Ohio Grassman

Among persistent legends of the paranormal, the Ohio Grassman, also known as “The Minerva Monster,” has been linked via popular media to Ohio and, to some extent, Perry County.

The Ohio Grassman is a cryptid that is said to inhabit the forests of Ohio, particularly in the rural and wooded areas. Descriptions of the creature vary, but it is generally described as a large, ape-like creature covered in hair, resembling the legendary Bigfoot or Sasquatch.

Witnesses often report seeing the Ohio Grassman in or near areas with dense vegetation, such as forests and swamps. Like many cryptids, there is limited scientific evidence to support the existence of the Ohio Grassman. Most of the information comes from anecdotal reports, eyewitness accounts, and local folklore. The creature is often mentioned in the context of other regional cryptids and Bigfoot sightings.

The first prominent sighting of the Grassman occurred in the small village of Minerva, Ohio[1], in August of 1978 when the grandchildren of Minerva residents Evelyn and Howe Clayton, along with their friends, ran inside screaming about a hairy monster they saw in the gravel pit outside. When the couple went out to investigate, they saw what the crying children had described. It was covered in dark matted hair, sitting in the pit and fiddling with discarded trash.

It was estimated to be around 300 pounds. The Claytons fled, but this would not be their last encounter with Ohio’s ape-man. Later they would see something peering through their kitchen window and another atop a hill near the strip mine at night. The couple observed two hairy bipeds on the same hill in broad daylight. Only after these reports by the Claytons were made were a startling connection made.

Days before the gravel pit incident, the Claytons’ German Shepherd was found dead, its neck broken, presumably killed by the hairy beast. This was not the first sighting in Ohio, in the 1700s, Indians native to the Ohio grasslands spoke of a race of bipedal ape-men, referred to as “Wild Ones of the Woods,” that lived nearby. The Native Americans would leave out food for the creatures to keep peace. In the 1800’s there were reports of a hairy biped throwing a man from a carriage, but retreating when his daughter threw rocks at it.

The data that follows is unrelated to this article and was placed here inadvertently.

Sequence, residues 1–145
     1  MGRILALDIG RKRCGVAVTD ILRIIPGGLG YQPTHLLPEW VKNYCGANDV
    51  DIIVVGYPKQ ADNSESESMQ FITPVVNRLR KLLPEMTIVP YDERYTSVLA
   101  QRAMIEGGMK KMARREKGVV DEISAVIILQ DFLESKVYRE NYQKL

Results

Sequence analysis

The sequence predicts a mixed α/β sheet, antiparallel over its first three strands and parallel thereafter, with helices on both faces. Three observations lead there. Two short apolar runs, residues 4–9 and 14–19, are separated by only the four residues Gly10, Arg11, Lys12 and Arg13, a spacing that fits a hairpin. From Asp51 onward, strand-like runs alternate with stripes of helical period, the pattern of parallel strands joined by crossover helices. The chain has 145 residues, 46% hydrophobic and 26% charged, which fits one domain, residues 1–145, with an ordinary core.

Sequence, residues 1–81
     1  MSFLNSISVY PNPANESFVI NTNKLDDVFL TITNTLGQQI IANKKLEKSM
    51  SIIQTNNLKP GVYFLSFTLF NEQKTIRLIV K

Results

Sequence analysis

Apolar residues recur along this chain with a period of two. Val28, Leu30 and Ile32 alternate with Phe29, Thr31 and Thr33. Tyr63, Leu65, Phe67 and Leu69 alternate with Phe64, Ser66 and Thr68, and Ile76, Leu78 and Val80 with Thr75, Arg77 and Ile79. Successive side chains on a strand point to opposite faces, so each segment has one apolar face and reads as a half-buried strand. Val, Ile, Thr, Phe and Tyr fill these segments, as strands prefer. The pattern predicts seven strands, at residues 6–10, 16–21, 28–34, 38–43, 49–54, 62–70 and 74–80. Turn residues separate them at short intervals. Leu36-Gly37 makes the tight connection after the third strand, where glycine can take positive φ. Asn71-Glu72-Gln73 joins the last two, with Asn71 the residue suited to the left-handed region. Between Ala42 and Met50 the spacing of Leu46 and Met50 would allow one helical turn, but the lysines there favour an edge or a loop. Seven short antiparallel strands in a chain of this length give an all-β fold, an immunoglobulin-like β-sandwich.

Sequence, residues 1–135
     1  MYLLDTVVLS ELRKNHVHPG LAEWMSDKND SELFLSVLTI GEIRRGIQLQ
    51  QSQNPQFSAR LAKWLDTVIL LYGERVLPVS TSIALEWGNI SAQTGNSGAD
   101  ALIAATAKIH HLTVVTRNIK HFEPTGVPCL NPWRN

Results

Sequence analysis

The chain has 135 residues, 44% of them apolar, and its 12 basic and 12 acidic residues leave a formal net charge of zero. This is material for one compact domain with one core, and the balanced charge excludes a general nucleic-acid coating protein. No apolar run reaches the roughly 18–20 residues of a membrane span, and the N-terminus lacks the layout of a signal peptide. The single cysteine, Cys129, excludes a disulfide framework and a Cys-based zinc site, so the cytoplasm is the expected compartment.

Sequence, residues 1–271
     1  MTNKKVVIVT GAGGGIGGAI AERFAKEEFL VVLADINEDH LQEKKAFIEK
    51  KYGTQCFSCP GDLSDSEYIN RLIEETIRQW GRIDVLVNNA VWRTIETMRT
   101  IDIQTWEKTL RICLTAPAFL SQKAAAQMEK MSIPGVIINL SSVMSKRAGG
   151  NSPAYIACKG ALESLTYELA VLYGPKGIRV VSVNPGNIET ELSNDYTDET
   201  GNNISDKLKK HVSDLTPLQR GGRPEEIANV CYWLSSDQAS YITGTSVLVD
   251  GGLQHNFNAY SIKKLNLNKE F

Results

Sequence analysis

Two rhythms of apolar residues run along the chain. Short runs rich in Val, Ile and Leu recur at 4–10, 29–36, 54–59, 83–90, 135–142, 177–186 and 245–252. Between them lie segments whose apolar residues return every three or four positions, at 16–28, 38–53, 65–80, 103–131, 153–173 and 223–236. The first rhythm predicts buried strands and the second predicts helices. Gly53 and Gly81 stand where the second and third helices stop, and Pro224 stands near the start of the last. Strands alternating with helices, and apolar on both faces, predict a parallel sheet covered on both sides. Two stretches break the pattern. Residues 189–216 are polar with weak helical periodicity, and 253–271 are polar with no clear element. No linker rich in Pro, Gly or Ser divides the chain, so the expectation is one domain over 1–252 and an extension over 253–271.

The height of reported Grassmen has ranged from 5 to 10 feet, with most about 6 to 7 feet. Their footprints are 10-20 long, some with claws, pigeon-toes, or flat feet, and some prints are three-toed. The weight estimates range dramatically but the average is between 300 and 500 pounds. They emit a strong odor, like the odor of rot, that lingers in the area even days after it is vacated. The Ohio Grassmen are very aggressive and are unimaginably strong, according to eyewitnesses. They have been known to kill dogs, and numerous unusual deer kills have been reported with just deer’s liver taken and legs twisted off.

Mothers with babies have been observed, feces found on tree limbs and wood fibers, and a hair strand, 16 inches long, has been analyzed by Ohio State University but wasn’t identifiable.

Some stories about the Ohio Grassman date back to Native American legends, where similar creatures were believed to inhabit the wilderness. The legend has persisted through generations, with modern sightings and encounters contributing to its continued popularity.

  1. Minerva is a small town located in Stark County, Ohio, USA. With a population of around 3,600 people, it is known for its close-knit community and historical significance. The town boasts a charming downtown area with well-preserved 19th-century architecture, including the Minerva Classic 57 Drive-In, a local landmark. Minerva is also home to the Minerva Area Museum, which showcases the town’s history and cultural heritage. Residents and visitors enjoy recreational opportunities at Minerva Municipal Park, offering green spaces, sports facilities, and a community pool. Additionally, the annual Minerva Homecoming festival brings the community together with parades, entertainment, and other events. The town reflects a blend of rural and small-town characteristics, fostering a sense of community pride and identity. [Back]

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Author: Doyle

I was born in Atlanta, moved to Alpharetta at 4, lived there for 53 years and moved to Decatur in 2016. I've worked at such places as Richway, North Fulton Medical Center, Management Science America (Computer Tech/Project Manager) and Stacy's Compounding Pharmacy (Pharmacy Tech).

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